Cover a LARGE rimmed cookie sheet with parchment paper, and lightly butter the parchment paper.  Pile the meringue into an 8" mound in the center, making an indentation in the top. (It should look like a volcano crater with it's top blown off.) The meringue will spread out a lot while baking, so be sure to make the meringue very tall and the indent quite deep. 

Bake for 40 to 43 minutes at 300 degrees, --do not peek!-- then turn off the oven and leave the meringue in it for an additional 40 minutes longer, making sure not to open the oven door. Remove from oven to cool completely. Very carefully remove the pavlova shell to a very large round serving platter.

At serving time:
Whip the heavy cream until stiff, and mound the whipped cream into the center crater of the meringue. Top the whipped cream with the fresh fruit; not all of it will fit onto the top of the pavlova. Slice into generous wedges and add additional fruit to each serving. 


Serves 8 to 10 with generous slices and lots of fruit

Any leftover pavlova can be refrigerated overnight, loosely covered. It must be eaten within 24 hours; the whipped cream is fairly fragile. 

Summer Meals: Tortellini Salad with Grilled Chicken

Sometimes it's just too hot. Salads of all kinds are the mainstay of a lot of my summer meals. Salads that are the meal.

Tortellini Salad with Grilled Chicken
this is a fine salad even without the grilled chicken, so don't hesitate to enjoy it that way

3 packages refrigerated cheese tortellini
1 zucchini, blanched, then plunged into ice water
1 yellow squash, blanched, then plunged into ice water
1/2 cup finely chopped red onion
2 red bell peppers, cut into fine strips
1 1/2 cups thinly sliced celery
2 tablespoons minced fresh dill

2-3 cups  washed, dried, and chilled fresh baby spinach

1/3 cup white wine vinegar
1/4 cup mayonnaise
1/4 cup Dijon mustard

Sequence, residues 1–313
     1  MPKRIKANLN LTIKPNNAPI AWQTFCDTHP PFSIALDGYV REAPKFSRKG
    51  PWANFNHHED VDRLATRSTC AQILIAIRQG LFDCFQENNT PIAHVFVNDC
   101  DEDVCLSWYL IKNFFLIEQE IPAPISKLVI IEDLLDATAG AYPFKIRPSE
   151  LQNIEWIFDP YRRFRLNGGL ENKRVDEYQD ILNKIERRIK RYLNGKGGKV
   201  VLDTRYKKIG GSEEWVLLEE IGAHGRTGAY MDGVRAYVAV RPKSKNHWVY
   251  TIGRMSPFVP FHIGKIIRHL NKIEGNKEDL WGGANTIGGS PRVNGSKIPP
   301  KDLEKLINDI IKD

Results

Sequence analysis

1 cup very fine olive oil
salt and freshly ground pepper to taste

shredded parmesan cheese
pint package of fresh grape tomatos, washed, dried, and chilled

2 or 3 boneless chicken breast halves, washed and patted dry
2 tablespoons fresh lemon juice

Cook the tortellini per package directions for aldente pasta. Drain, then rinse immediately under very cold running water. Drain very well, then place in a very large mixing bowl  (I use a stock pot). Remove the zucchini and yellow squash from the ice water and slice into very thin wheels. Cut the wheels in half, then add to the pasta. Add the red onion, red bell pepper, celery, and dill toss the mixture to blend well.

For the dressing, mix together the white wine vinegar, mayonnaise, and mustard in a deep bowl. Whisk in the olive oil very slowly in a thin stream until it is completely incorporated and emulsified. Season the dressing with salt and pepper to taste.

In another bowl, add the spinach and toss with a very small amount of the dressing, just enough to barely coat it. Sprinkle with a tablespoon or so of the shredded parmesan cheese. Arrange the spinach along the bottom and sides of a large shallow serving bowl/dish.

Set aside a 2-3 tablespoons of dressing. Toss the tortellini salad with the remaining dressing, adding an ounce or so of the shredded parmesan. Refrigerate, covered, for six hours or overnight.